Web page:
Teachers win 13% pay rise

The lengthy industrial dispute between teachers and the Andrews government is over.


The government and the Australian Education Union announced on Thursday that they had reached a deal, and teachers and support staff would receive a 13 per cent pay rise over four years.

It follows 11 months of “long and difficult” negotiations and threats of statewide strikes.

The $2.2 billion deal will create 3000 new “learning specialist” roles and give permanent jobs to 2500 teachers and 5000 support staff who are currently on contracts.

The salary increases are significantly less than the 21 per cent pay rise that the union had initially been pushing for, but Victorian branch president Meredith Peace said it was “fair and reasonable”.

About 70,000 Victorian principals, teachers and education support staff will be affected by the new deal.

Principals will receive a 4 per cent annual pay rise.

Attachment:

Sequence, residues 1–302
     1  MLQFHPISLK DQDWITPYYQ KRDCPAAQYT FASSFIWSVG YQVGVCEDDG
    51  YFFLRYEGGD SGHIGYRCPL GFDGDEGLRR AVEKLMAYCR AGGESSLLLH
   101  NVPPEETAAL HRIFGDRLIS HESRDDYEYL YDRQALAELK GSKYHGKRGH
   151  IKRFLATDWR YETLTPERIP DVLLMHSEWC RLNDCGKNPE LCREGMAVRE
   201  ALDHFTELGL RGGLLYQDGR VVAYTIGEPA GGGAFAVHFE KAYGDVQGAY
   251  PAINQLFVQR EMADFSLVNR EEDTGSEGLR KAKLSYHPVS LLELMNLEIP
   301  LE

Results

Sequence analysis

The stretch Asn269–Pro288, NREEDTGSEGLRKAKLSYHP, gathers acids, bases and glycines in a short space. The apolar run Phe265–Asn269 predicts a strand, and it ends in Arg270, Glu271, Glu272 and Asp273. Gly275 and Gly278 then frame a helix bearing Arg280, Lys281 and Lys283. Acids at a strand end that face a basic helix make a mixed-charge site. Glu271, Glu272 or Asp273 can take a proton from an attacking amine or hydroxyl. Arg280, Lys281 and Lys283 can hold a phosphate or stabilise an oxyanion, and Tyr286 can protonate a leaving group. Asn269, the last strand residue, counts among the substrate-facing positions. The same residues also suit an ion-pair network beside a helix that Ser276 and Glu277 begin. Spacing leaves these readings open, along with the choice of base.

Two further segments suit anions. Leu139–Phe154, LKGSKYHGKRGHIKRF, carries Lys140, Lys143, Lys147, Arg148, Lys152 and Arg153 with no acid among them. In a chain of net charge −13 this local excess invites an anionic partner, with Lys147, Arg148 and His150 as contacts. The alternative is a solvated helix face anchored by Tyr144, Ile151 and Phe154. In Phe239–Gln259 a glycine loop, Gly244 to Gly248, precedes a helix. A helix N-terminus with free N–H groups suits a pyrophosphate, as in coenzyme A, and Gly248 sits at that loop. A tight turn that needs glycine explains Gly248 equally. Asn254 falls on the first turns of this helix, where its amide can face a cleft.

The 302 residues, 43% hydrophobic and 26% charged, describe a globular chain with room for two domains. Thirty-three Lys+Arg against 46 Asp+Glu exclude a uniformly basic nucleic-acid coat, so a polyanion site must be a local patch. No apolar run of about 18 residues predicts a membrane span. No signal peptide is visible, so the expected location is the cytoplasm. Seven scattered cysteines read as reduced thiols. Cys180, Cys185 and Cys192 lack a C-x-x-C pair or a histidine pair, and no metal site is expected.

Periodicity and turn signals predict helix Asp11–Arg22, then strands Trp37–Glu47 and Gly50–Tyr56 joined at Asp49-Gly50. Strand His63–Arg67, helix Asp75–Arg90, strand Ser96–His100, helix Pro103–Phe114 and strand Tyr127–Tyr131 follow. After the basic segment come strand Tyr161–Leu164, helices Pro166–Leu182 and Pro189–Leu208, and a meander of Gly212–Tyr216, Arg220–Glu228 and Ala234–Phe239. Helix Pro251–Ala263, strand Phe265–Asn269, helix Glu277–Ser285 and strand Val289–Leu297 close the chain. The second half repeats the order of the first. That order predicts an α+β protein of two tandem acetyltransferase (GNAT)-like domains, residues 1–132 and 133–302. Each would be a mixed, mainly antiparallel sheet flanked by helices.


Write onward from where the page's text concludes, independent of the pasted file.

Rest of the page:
The sticking point had been teachers’ “crushing workloads”.

Ms Peace said the new deal would address this “critical” issue by introducing four professional practice days for every teacher during which they can plan classes and assess students’ work.

“It’s a great win for our members,” she said.

“We were prepared to take industrial action to fight for what we have achieved. We are really pleased we that we have been able to arrive at this outcome without having to do that.”

Education Minister James Merlino said the new learning specialist roles would create a career path to becoming a principal, and let teachers mentor and coach their colleagues.

“The teachers make all the difference in our children’s lives,” he said. “This enterprise agreement respects the profession.”

The minister said the negotiations had been “long and difficult .. but they have always been conducted in good faith”.

The deal will increase a teacher’s graduate salary from $65,000 to $67,000.

In February the union’s branch council voted to take steps towards industrial action.

The previous enterprise bargaining agreement expired on October 31.

The union had hoped to avoid a repeat of its bitter 18-month pay dispute with the former Napthine government, which led to Victoria’s largest ever strikes over three days in 2012 and 2013.

It followed the former state government breaking its promise to make Victorian teachers the highest paid in the nation.